Bank of Japan Tokyo

Bank of Japan 日本銀行

The Bank of Japan (BOJ) or Nichigin (日銀) is Japan's central bank. The BOJ was created in the early Meiji Period, during Japan's frantic era of westernization and industrialization.

During the preceding Edo Period each feudal domain (han) had issued its own currency, both coins and notes (the latter known as hansatsu).

These domain currencies were abolished by a law of 1871 and replaced by the decimal unit of currency - the Yen (¥). The Edo Period domains became prefectures and their mints became so-called "national banks" which nonetheless continued to print money - the new Yen.

However the Satsuma Rebellion of 1877, led by Saigo Takamori in Kyushu, forced the Meiji government to print extra money to finance its military operations against the revolt. This led to inflation, so in 1882 the Bank of Japan was founded to withdraw these surplus bank notes from circulation and to become the sole printer of money in the country.

Bank of Japan, Nihonbashi, Tokyo, Japan.
Bank of Japan, Nihonbashi, Tokyo, Japan
Bank of Tokyo-Mitsubishi Money Museum, Aichi, Japan.
Money Changer's Shop from Edo Period Japan

History of the Bank of Japan Building

The first Bank of Japan was a short distance from where the present building is in the Nihonbashi district of Tokyo. The original bank had 55 employees. The building was modeled supposedly on the National Bank of Belgium.

The BOJ moved to its present location in 1896. It was in this area that Kinza, a mint for koban gold coins, was located in the Edo Period. Nearby Ginza was the early mint for silver coins. The architect of the Former Main Building of the Bank of Japan, the oldest part of the Old Building, was Kingo Tatsuno (1854-1919), who also designed nearby Tokyo Station. Tatsuno had previously toured Europe and America to observe and study western styles of public buildings.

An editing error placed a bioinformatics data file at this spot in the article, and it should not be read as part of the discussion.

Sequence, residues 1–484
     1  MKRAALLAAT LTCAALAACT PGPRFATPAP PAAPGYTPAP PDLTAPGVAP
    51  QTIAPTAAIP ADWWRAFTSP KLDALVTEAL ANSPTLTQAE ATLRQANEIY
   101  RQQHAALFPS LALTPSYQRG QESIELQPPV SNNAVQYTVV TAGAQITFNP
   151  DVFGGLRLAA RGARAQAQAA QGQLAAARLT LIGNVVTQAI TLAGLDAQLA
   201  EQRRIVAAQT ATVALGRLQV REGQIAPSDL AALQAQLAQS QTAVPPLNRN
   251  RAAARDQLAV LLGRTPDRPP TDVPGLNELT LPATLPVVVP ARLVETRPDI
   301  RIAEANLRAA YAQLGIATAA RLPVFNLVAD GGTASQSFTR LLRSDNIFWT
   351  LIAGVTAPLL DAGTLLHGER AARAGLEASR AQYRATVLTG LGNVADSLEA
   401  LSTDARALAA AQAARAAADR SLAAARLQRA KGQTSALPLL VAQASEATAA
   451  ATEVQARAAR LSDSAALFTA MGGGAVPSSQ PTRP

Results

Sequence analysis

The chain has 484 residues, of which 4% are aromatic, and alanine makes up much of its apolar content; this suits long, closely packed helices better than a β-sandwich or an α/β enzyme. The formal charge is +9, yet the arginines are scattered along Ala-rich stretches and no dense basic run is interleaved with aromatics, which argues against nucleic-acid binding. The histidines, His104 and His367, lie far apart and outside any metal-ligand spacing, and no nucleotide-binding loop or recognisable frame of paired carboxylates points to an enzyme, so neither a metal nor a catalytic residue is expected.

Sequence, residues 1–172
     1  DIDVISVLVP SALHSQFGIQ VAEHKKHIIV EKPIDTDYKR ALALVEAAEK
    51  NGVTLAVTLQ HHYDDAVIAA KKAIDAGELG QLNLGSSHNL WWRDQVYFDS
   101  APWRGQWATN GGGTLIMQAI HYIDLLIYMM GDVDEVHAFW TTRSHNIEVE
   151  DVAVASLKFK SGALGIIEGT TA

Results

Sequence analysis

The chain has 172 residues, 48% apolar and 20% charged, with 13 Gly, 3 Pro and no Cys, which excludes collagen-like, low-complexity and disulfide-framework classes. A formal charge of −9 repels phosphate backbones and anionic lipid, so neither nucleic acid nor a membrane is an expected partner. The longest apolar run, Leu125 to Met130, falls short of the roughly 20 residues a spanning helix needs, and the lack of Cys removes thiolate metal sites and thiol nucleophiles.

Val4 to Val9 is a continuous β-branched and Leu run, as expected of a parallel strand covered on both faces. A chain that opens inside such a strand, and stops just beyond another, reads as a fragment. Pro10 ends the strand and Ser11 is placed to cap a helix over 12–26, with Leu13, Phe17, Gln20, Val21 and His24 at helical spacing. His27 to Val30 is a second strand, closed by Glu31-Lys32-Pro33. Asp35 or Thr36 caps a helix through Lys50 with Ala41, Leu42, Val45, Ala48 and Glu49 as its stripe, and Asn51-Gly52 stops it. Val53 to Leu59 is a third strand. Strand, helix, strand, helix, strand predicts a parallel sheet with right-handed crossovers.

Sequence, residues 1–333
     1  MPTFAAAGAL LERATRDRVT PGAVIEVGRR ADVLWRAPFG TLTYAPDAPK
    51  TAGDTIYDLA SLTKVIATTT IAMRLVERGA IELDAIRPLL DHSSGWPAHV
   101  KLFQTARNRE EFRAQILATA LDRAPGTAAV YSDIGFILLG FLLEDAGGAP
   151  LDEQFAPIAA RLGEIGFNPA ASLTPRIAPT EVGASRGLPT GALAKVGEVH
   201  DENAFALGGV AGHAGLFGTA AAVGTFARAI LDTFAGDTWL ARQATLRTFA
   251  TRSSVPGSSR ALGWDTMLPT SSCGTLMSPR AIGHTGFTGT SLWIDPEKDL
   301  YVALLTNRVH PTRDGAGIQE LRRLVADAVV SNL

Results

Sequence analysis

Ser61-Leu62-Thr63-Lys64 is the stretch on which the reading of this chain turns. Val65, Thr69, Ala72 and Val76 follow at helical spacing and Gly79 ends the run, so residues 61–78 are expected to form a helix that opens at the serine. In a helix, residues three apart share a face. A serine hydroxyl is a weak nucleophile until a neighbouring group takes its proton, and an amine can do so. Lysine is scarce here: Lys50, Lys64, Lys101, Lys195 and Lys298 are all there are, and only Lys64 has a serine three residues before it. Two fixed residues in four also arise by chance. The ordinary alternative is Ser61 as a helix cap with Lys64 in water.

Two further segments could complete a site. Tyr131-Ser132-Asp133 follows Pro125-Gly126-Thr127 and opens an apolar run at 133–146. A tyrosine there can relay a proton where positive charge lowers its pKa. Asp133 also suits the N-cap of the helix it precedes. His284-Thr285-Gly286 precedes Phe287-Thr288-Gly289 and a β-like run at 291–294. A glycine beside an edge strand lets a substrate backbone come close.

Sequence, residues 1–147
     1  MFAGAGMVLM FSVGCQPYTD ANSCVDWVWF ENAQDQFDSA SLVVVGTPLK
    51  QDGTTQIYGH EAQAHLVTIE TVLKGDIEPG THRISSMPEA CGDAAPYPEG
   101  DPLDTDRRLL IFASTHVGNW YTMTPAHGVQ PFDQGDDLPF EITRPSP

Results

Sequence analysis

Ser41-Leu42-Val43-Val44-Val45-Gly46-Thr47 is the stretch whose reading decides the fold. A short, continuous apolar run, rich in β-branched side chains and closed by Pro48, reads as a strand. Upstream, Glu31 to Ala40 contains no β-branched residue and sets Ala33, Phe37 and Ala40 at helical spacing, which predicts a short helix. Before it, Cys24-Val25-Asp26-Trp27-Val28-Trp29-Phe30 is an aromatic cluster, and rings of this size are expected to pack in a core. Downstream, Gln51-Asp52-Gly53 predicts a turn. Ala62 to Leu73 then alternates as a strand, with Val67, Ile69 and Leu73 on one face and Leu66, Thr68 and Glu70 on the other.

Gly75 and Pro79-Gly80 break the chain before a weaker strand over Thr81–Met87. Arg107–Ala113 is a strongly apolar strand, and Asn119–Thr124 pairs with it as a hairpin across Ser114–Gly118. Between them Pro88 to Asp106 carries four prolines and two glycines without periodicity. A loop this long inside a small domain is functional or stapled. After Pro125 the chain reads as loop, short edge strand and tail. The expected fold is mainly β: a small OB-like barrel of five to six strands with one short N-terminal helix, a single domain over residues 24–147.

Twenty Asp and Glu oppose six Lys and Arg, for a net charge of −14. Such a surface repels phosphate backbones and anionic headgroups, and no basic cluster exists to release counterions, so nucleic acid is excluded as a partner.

The Old Building had Japan's second oldest elevator, cast-iron stairs imported from Britain, watering stations for horses and lovely chandeliers. The Old Main Building is now registered as an Important Cultural Property of Japan.

Nowadays the BOJ consists of 3 buildings: the 10-storey New Building, built in 1973, where present-day banking activities take place, the historic Old Building (see above) and the Annex Building, which holds the Currency Museum (9.30 a.m.-4.30 p.m., closed Mondays) built around the core collection of numismatist Keibun Tanaka (1884-1956), containing coins and notes from Japan and other nations.

The Bank of Japan has a branch in Osaka with the Old Building located in Nakanoshima as well as other branches in Nagoya, Hiroshima and Kyoto.

English Language Tours of the BOJ

Free guided tours in English of the Bank of Japan are available. Reservations must be made at least a week, and up to 3 months, in advance.

The tour begins with an introductory video about the Bank followed by viewing of exhibits of historical interest and the subterranean vault in the old Main Building.

English-language lectures on the role of the Bank and its monetary policy are also available to university and college students.

Day and time of the English-language guided tour: Tuesday, 3:00-4:00 p.m. (There is no tour on a Tuesday that falls on a BOJ holiday.)

Bank of Japan, Nihonbashi, Tokyo, Japan.
Bank of Japan, Nihonbashi, Tokyo, Japan

Bank of Japan Access

Bank of Japan (BOJ)
2-1-1, Nihonbashi-Hongokucho
Chuo-ku
Tokyo 103-0021
Japan
Tel: 03 3279 1111
Bank of Japan Google Map

The BOJ is a short walk from these stations:
Mitsukoshi-mae Station on the Hanzomon subway line, exit B1
Mitsukoshi-mae Station on the Ginza Line, exit A5
JR Kanda Station, South Exit
Tokyo Station, Yaesu North Exit

Japan Currency Museums

There are a number of currency museums in Japan dedicated to the history of money in the country.

-Just across the road from the Bank of Japan is the Bank of Japan Currency Museum, a short walk from Mitsukoshi-mae Station B1 Exit on the Tokyo Metro Hanzomon Line or Nihonbashi Station A1 Exit on the Tozai Line.
-The Bank of Tokyo-Mitsubishi UFJ Money Museum in Nagoya, a short walk from Amagasaka Station on the Meitetsu-Seto Line.
- the Bank of Japan Museum in Otaru, Hokkaido.

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